Commonly known as “Enhancement Permits,” these permissions are required of all U.S. hunters seeking to import trophies of ESA-listed species legally acquired overseas. What is demanded for a permit to be obtained is subjective proof that the hunting program under which the trophy was acquired is “enhancing the survival of the species.” With the United States’ position as the largest market for hunting trophies worldwide, this discretionary import permitting authority gives the USFWS unparalleled influence over the conservation programs of other countries, especially emerging markets like Tanzania that utilize hunting and other forms of sustainable use to raise funds and create economic incentives for wildlife conservation. This power stems from the ESA permitting process, creating an additional set of arbitrary standards exporting range nations must meet on top of those already agreed to by the United States and the other 182 nations that are parties to the Convention on International Trade in Endangered Species (CITES), a multilateral agreement governing the global trade in biodiversity, including hunting trophies.
Despite its name, CITES does not designate species as either “threatened” or “endangered,” but rather assigns them to one of three appendices. Both the African elephant and African lion are currently assigned to Appendix II of CITIES, meaning that the convention’s parties have agreed to control trade to avoid utilization incompatible with the species’ survival. With regard to elephants, this control is reflected in a complete prohibition on international, commercial trade in ivory and Tanzania having export quotas of 50 elephants in 2017.
Quotas such as these are set by the CITES managing authority in each range nation, typically a national level wildlife agency, and represent a ceiling beyond which harvest and export should not exceed. Quotas are governed under a set of formal guidelines and agreed to via the Conference of Parties to the Convention held every three years. Businesses that depend on CITES export permits for their viability, such as hunting outfitters, plan around these agreements. However, the United States’ ability to suddenly, unilaterally and arbitrarily second-guess the judgment of its international allies in wildlife conservation and the CITES process itself via the ESA import permitting process makes such planning increasingly difficult. This can lead to disastrous consequences like those being witnessed in Tanzania.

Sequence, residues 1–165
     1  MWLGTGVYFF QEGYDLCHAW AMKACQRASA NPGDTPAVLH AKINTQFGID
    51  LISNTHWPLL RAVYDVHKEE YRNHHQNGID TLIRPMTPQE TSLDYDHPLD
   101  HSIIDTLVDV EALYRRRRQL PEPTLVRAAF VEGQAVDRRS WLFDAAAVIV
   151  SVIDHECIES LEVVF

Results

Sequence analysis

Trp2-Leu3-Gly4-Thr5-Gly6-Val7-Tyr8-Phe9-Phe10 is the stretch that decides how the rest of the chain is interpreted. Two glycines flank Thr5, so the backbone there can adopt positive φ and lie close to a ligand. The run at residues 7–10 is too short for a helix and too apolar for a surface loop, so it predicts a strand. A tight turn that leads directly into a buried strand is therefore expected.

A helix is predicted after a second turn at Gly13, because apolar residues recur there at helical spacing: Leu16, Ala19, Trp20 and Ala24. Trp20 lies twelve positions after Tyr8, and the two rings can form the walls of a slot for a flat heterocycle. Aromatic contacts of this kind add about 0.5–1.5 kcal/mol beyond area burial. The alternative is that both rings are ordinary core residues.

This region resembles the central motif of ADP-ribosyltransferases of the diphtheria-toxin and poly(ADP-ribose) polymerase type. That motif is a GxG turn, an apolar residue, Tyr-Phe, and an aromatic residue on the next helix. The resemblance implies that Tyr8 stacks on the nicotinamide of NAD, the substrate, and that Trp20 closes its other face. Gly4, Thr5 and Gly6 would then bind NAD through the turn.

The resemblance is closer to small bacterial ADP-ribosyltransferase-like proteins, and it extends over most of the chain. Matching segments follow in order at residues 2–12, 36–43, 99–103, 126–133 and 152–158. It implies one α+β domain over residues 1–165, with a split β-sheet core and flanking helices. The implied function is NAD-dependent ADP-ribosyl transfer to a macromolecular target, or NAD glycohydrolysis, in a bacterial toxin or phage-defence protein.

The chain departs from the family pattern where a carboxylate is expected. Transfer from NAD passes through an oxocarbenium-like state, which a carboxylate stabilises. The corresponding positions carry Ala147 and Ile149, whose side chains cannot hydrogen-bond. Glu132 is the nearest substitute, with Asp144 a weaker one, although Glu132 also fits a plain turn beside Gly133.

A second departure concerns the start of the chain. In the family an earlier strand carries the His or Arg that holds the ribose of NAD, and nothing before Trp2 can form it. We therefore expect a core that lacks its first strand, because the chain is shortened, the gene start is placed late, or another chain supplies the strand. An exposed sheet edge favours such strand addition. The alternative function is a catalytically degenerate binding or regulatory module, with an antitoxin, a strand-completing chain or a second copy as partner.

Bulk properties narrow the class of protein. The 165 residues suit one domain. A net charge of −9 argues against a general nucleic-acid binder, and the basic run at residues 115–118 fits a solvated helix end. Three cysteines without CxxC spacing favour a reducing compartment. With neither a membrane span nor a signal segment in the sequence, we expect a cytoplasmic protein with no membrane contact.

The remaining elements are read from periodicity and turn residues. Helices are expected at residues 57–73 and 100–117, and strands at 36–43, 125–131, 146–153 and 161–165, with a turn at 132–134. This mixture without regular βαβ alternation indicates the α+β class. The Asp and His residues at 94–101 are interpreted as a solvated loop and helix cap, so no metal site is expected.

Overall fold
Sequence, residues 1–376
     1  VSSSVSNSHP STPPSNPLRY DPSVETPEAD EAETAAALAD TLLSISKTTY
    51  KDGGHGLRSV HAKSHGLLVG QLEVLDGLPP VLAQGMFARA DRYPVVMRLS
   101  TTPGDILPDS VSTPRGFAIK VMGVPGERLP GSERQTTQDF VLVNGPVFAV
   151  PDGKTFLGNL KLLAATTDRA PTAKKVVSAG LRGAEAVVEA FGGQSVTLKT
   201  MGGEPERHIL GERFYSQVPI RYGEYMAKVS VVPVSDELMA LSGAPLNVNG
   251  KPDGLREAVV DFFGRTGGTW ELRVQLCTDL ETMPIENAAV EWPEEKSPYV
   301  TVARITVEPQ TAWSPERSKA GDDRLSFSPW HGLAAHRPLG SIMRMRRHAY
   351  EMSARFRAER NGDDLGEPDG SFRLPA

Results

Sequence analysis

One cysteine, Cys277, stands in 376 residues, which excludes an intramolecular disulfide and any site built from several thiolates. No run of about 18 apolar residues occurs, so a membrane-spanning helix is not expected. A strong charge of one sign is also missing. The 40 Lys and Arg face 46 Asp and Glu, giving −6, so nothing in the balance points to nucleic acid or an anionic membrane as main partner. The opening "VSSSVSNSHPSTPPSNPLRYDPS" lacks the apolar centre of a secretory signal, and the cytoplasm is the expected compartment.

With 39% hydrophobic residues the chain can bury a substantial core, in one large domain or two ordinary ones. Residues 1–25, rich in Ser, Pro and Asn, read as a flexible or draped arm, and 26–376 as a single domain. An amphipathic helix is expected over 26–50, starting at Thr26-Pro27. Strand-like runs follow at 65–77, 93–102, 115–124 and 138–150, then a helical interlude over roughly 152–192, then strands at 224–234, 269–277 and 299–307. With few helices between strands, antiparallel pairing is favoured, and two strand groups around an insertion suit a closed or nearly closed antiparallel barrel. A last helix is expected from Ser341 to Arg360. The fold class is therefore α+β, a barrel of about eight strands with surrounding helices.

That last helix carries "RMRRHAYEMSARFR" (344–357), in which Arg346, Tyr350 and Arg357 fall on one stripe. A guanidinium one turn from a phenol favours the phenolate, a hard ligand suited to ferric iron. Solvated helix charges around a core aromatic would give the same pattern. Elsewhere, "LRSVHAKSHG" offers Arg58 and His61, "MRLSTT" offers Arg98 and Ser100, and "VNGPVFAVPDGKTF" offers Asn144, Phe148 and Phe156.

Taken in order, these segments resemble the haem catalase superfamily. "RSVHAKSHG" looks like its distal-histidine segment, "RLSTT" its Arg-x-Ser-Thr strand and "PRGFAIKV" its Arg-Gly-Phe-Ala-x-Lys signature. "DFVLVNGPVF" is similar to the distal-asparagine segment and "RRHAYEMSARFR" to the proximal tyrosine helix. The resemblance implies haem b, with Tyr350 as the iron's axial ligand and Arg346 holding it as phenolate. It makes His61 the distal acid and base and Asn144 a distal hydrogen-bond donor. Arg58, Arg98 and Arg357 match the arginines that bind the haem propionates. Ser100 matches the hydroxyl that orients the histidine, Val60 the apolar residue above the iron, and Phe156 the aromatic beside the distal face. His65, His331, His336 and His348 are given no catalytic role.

The capriciousness of current permitting authority is underscored by the fact that the Obama administration’s elephant trophy import moratorium was eventually abandoned following successful litigation brought by the National Rifle Association and Safari Club International. This victory highlights the need for the agency’s permitting authority to be revisited by Congress and the Trump administration so that it is exercised more in concert with international agreements to conserve biodiversity, like CITES, and is heavily informed by range nation and NGO (Non-Governmental Organizations) partners in advance of any final decisions being made. Establishing better frameworks for such cooperation can help to ensure that hunters remain able to serve as stewards of the world’s wildlands and that events like those that unfolded around the Selous do not befall other areas critical to conservation.
■ ■ ■
Editor’s Note: As referenced above, Shikar Safaris, operated by Kaan Karakaya—recipient of the SCI International Professional Outfitter of the Year in 2015—is yet one more example of how hunting operations give back to the collective hunting community and the future of wildlife conservation. Karakaya is a member of the NRA Ring of Freedom and a member of the President’s Founders Club of the NRA Hunters’ Leadership Forum. In 2012 he donated to the NRA Freedom Action Foundation and in 2013 donated a hunt to the NRA Women’s Leadership Forum’s annual fundraising auction. To read how this Turkish citizen learned the importance of wildlife conservation and the NRA’s vigilance in protecting the Second Amendment, click here.